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    It's a good document.

    I'll second the notion that while FRAP is a good idea, motorists who are aware of such laws will interpret it to mean that they have the right to force bicyclists as far right as they wish. Widespread knowledge of such laws in the motoring public will make this sensible principle the equivalent of a weapon to be used against us.

    Ignoring this is unwise.

  5. #30
    JRA
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    Quote Originally Posted by Bekologist View Post
    FRAP most emphatically DOES NOT establish the 'far right' as a cyclists legal default position.
    You are technically correct but, as others have said, bicycle-specific FRAP laws lend themselves to misinterpretation. None of the mandatory laws, mandatory ride right, mandatory bike lane or mandatory sidepath are good for bicyclists. They all potentially either make safe bicycling illegal or take away from bicyclists the rights of other road users.

    In the minds of many, bicycle specific FRAP laws do establish far right as the default position for bicyclists.

    While that's not what most FRAP laws say, it is how many people read them. Even some bicyclists read them that way.
    "It may even be that motoring is more healthful than not motoring; death rates were certainly higher in the pre-motoring age."- John Forester
    "Laws cannot be properly understood as if written in plain English..."- Forester defending obfuscation.
    "Motorist propaganda, continued for sixty years, is what has put cyclists on sidewalks." - Forester, sociologist in his own mind
    "'There are no rules of the road on MUPs.' -John Forester" - Helmet Head quoting 'The Great One'

  6. #31
    totally louche Bekologist's Avatar
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    Quote Originally Posted by JRA View Post
    While that's not what most FRAP laws say, it is how many people read them. Even some bicyclists read them that way.
    yes, and what's disturbing to me is when cycling advocates misinterpret them to the rest of us by writing 'establishes far right as the default position' and other such marginalizing screed.

    I mean, REALLY! some of these people are LCI's for gosh sakes!

    and why should the law be in conflict with how to operate a bicycle when FRAP is vehicular operation of a bicycle in a nutshell? if a state can most clearly define how a bicycle physically operates relative to other road and traffic conditions with a FRAP law, why the deceit?

    I understand the empowerment language in the 'bikes operate in rightmost lane' wording but also recognize the discretion allowed from FRAP. this wide discretion inherent in FRAP- indeed, FRAP is the very embodiment of vehicular destination/safety positioning- should be visibly EMPHASIZED by bicycling advocates, not spun into something it is not.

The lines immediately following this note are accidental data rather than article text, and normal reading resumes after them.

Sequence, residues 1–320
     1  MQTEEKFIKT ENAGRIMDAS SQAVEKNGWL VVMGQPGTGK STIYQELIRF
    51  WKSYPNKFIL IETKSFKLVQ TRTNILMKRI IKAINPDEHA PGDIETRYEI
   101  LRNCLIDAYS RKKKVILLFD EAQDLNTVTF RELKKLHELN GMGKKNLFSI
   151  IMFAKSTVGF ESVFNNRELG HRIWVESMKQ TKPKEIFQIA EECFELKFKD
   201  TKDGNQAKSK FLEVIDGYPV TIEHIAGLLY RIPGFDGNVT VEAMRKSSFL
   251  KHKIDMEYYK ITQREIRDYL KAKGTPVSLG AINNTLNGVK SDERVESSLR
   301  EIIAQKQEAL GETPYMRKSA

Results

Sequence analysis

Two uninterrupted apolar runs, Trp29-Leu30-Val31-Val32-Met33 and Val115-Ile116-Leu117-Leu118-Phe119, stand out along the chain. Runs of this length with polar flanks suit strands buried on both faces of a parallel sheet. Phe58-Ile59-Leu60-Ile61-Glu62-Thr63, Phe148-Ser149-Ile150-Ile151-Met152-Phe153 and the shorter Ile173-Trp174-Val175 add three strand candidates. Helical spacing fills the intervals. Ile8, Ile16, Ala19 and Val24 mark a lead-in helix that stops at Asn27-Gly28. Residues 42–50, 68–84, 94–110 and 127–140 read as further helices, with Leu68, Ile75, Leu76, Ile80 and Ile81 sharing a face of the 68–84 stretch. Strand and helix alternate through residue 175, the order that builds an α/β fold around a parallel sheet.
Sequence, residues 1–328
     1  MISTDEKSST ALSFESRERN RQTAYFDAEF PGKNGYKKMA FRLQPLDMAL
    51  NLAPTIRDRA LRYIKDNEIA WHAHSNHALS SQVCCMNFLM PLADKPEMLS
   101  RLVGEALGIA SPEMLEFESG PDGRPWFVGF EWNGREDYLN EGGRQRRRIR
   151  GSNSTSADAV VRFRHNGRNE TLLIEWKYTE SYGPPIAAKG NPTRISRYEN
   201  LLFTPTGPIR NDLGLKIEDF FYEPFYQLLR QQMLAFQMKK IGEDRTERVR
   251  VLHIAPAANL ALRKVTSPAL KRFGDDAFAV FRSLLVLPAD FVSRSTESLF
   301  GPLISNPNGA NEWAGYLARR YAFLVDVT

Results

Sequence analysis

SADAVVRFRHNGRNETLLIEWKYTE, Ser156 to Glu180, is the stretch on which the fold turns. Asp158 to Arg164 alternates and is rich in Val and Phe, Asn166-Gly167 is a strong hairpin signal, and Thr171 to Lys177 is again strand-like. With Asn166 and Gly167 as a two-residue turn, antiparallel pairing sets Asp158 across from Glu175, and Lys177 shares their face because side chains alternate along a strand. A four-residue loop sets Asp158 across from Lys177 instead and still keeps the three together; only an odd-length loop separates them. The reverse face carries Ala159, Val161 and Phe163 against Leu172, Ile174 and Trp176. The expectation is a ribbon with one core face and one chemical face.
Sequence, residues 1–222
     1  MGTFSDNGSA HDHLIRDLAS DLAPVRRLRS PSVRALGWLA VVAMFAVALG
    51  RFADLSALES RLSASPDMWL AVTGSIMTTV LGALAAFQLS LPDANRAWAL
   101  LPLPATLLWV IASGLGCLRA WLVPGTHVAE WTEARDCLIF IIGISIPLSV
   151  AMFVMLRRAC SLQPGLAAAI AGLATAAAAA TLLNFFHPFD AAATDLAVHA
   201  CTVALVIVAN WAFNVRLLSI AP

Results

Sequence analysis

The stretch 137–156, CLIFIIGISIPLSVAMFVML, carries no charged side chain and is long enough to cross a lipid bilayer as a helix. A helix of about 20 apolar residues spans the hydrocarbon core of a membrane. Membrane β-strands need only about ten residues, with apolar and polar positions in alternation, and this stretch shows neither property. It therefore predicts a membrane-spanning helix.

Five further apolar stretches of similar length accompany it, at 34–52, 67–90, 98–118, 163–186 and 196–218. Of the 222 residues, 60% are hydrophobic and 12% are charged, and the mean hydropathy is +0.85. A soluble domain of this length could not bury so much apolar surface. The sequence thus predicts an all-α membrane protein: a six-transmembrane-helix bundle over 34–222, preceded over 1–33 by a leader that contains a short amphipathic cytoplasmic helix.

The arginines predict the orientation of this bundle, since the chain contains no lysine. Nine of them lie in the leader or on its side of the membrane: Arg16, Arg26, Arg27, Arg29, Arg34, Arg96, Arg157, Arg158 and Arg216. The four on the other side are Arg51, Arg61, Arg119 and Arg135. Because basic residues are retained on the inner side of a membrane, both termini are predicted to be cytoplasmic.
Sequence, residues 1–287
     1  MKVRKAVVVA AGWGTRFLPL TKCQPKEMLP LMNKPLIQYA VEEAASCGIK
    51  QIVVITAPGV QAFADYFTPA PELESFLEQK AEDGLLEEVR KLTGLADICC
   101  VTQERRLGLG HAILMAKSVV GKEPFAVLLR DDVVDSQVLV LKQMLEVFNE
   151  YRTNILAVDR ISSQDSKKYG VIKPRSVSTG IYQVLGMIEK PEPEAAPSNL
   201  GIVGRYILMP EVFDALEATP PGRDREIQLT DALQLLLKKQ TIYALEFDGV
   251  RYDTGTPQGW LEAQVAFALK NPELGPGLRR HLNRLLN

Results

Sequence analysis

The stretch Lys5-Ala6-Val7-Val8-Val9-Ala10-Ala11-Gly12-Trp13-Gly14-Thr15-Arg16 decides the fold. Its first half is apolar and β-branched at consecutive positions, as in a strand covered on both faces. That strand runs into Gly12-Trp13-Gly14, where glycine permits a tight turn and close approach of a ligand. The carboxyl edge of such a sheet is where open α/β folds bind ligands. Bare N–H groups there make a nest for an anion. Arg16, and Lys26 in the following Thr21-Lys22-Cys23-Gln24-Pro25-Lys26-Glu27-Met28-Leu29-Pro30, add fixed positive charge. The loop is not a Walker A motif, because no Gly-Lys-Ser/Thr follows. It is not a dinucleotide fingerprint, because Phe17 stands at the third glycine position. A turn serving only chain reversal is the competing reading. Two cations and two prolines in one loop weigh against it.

"Evidence, anecdote and methodology all support planning for roadway bike traffic."

  7. #32
    Part-time epistemologist invisiblehand's Avatar
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    Quote Originally Posted by High Roller View Post
    Do you agree that the cyclist, and only the cyclist, has the right to determine his or her optimal position on the road, based on the conditions prevailing at a particular time and place?
    It must be the case that there is some "reasonableness" standard to lane position. So technically, it will still be the judge that determines whether a position is practicable. By my judgement, that reinforces the idea that common reasons for not riding as far right as possible be enumerated and part of the statute.

  8. #33
    Senior Member sggoodri's Avatar
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    Quote Originally Posted by JRA View Post
    Bicycle Lanes
    It's parking in the bike lane [...] that should be illegal, not blocking the bike lane when making a turn.
    Note that some North Carolina municipalities, faced with opposition from neighborhood residents to addition of bike lane stripes to existing residential neighborhood streets where on-street parking is common, explicitly allow parking in some or all bike lanes at some or all times. This allowance was made in order for the bike lane striping proponents to obtain striping on as many streets as possible.

    If the state of North Carolina were to prohibit parking in bike lanes, the local laws allowing such would be be invalidated, because it is explicitly against state law for localities to have local traffic laws that conflict with the state traffic laws.

    This would make many residents very angry, and most likely result in removal of bike lane striping on many local residential streets. Since the local bike lane striping proponents don't want this, I suspect that bike lane striping proponents in NC may argue against having state law prohibit parking in bike lanes. We'll see.
    Last edited by sggoodri; 07-31-09 at 12:36 PM.

  9. #34
    totally louche Bekologist's Avatar
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    Quote Originally Posted by invisiblehand View Post
    It must be the case that there is some "reasonableness" standard to lane position. So technically, it will still be the judge that determines whether a position is practicable. By my judgement, that reinforces the idea that common reasons for not riding as far right as possible be enumerated and part of the statute.